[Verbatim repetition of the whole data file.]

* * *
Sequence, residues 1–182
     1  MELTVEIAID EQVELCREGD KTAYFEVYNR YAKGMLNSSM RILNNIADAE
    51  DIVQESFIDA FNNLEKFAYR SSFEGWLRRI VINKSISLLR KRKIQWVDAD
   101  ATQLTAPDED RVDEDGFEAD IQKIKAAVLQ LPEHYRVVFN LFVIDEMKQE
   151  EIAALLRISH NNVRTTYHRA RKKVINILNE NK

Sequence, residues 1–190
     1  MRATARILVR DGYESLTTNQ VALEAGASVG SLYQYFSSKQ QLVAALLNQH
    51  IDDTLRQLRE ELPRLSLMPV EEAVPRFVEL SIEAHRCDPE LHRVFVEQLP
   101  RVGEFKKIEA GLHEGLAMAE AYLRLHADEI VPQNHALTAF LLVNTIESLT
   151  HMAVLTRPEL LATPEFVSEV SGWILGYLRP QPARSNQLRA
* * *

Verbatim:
Sequence, residues 1–182
     1  MELTVEIAID EQVELCREGD KTAYFEVYNR YAKGMLNSSM RILNNIADAE
    51  DIVQESFIDA FNNLEKFAYR SSFEGWLRRI VINKSISLLR KRKIQWVDAD
   101  ATQLTAPDED RVDEDGFEAD IQKIKAAVLQ LPEHYRVVFN LFVIDEMKQE
   151  EIAALLRISH NNVRTTYHRA RKKVINILNE NK

Sequence, residues 1–190
     1  MRATARILVR DGYESLTTNQ VALEAGASVG SLYQYFSSKQ QLVAALLNQH
    51  IDDTLRQLRE ELPRLSLMPV EEAVPRFVEL SIEAHRCDPE LHRVFVEQLP
   101  RVGEFKKIEA GLHEGLAMAE AYLRLHADEI VPQNHALTAF LLVNTIESLT
   151  HMAVLTRPEL LATPEFVSEV SGWILGYLRP QPARSNQLRA